“. . .the Skipper, too. . .”

Consider: Can you recite a poem, any poem? Chances are, at some point during your formal education, some well-intentioned lit teacher figured that memorization of a sonnet or the beginning of The Canterbury Tales would be enlightening and ennobling. So you committed those words to memory. And I suspect that unless this occurred last week, you’re riffing after the first line or two. It’s gone.

Consider: Can you recite the lyrics to the theme song for “Gilligan’s Island”? How about “The Brady Bunch”? Chances are, you’ve got them nailed. . .and if you don’t then odds are exceedingly good that you’re able to find someone who can fill in the blanks.

A question that consequently arises is whether the TV lyricists are better writers than Shakespeare or Chaucer. Of course, that question is absurd. I hope. I would suggest that if you have an independent, non-school-driven interest in a particular writer, then you’ll be able to roll off long passages of Tennyson or Ginsberg or whomever. The TV jingles have the general characteristics of being something that is repeatedly heard and simple. (If you think about it, you’re probably able to recite “Mary Had a Little Lamb.” Same thing.)


The BBC has conducted a poll of some 30K Brits, asking them to name the 100 greatest of their countrypeople of all time. The list contains the Fab Four minus one (sans Ringo—natch), Boy George (who is currently performing in London’s West End: as for the rest of the cultured club, it’s not clear), and Bono (who might take slight exception to the inclusion, given that he’s Irish, but then again, when has he every shied away from some pub—as in publicity, that is?). Even Johnny Rotten makes the cut.

While some people might feel a bit of vindication seeing these people on the list, as though it provides some sort of justification (e.g., “Rock not only rocks, it is as important as that guy who discovered gravity—whatever his name is. I think his mom named him after a cookie.”), I suggest it is far from the case. Rather, it is nothing more than the TV jingle syndrome: We know who we know from absorbing information about things that interest us. Quick, who discovered hydrogen, the most-abundant element in the universe? Chances are, you don’t give a damn about that;consequently, the name Henry Cavindish means nothing to you. (“Ah, what band is he in, the Plasmas?”)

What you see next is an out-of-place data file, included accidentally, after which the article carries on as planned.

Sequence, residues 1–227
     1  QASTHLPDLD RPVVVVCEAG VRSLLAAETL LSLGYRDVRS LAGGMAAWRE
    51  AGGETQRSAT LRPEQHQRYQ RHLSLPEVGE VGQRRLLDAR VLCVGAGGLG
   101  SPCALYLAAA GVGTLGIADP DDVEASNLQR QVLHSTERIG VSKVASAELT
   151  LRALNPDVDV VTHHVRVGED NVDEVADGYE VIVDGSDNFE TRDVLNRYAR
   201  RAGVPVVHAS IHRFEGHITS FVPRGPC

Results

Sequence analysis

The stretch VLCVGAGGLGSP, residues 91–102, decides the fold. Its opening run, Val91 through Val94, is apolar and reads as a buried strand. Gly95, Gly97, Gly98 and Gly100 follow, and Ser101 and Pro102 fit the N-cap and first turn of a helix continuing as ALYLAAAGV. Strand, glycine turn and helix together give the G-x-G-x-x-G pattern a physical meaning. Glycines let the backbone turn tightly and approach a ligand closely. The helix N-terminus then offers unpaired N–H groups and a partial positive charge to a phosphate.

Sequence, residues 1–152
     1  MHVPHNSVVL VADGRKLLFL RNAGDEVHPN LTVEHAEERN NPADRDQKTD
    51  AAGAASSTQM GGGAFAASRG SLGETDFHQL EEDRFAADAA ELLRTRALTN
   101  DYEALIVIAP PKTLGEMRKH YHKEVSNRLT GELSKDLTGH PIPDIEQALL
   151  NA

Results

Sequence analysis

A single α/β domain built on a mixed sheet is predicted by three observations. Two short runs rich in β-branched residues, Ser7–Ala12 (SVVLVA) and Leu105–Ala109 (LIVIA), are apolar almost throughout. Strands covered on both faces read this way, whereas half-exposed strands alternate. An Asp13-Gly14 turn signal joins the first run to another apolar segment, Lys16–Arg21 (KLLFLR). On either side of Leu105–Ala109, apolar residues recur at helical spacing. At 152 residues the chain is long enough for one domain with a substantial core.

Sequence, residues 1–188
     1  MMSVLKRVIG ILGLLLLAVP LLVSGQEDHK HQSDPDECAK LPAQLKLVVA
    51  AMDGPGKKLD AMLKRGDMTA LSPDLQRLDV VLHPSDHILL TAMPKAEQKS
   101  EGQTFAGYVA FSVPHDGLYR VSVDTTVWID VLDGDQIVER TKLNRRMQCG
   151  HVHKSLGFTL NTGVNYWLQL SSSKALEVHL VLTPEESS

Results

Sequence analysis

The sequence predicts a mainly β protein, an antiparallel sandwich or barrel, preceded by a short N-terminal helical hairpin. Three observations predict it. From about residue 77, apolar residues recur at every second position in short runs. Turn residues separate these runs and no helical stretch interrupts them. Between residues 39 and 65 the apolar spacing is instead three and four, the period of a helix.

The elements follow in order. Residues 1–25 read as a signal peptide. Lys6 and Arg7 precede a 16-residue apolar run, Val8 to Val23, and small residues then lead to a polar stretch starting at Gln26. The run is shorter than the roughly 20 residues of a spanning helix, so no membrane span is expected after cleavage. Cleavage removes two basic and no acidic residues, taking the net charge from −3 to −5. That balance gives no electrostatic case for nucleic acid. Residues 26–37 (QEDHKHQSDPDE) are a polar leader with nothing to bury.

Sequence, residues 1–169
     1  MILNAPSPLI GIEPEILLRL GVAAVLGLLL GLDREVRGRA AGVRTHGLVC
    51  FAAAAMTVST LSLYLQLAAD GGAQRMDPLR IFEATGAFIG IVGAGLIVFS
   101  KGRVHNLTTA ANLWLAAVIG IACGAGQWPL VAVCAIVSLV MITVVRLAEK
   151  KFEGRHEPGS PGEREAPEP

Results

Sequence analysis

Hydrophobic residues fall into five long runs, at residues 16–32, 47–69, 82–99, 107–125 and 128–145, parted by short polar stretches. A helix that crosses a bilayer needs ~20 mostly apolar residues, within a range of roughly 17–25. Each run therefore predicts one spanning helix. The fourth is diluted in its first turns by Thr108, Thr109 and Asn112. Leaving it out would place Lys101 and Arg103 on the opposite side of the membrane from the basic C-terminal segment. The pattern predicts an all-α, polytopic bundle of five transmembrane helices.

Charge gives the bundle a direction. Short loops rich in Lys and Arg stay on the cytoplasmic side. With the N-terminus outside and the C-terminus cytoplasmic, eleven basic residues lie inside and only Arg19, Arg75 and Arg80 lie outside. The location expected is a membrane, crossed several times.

What is striking to me is that I discovered the item about the BBC list in the “People” section of the Dallas Morning News (not my morning read, but something that I picked up while there, a point I make because of the following: maybe this is just something that happens in the Friday editions of that paper). Generally, the “People” section of my hometown rags include a potpourri of Celebs. But in this case, each item had something to do with pop music: the aforementioned list (headlined “Brits’ favorites include Diana, a Beatle or two”); one on whether Michael Jackson has a third child; an accident report related to Cyndi Lauper (trooper she is, after falling on stairs, she went on to perform, opening for Cher); an item about Willie Nelson, who appears in the current issue of Modern Maturity; an item about why Paul McCartney won’t be at the Kennedy Center awards; a recap of Britney’s revelations in People; an item indicating that Tony Bennett and Queen Latifah would be involved in the opening ceremony at the U.S. Open; and a photo of Robert Plant signing the hood of a Cadillac CTS, as part of Caddy’s centennial. (Damn. Couldn’t get out of this without a car reference, it seems.)

All of which seems to say to me that pop performers are becoming too much with us.

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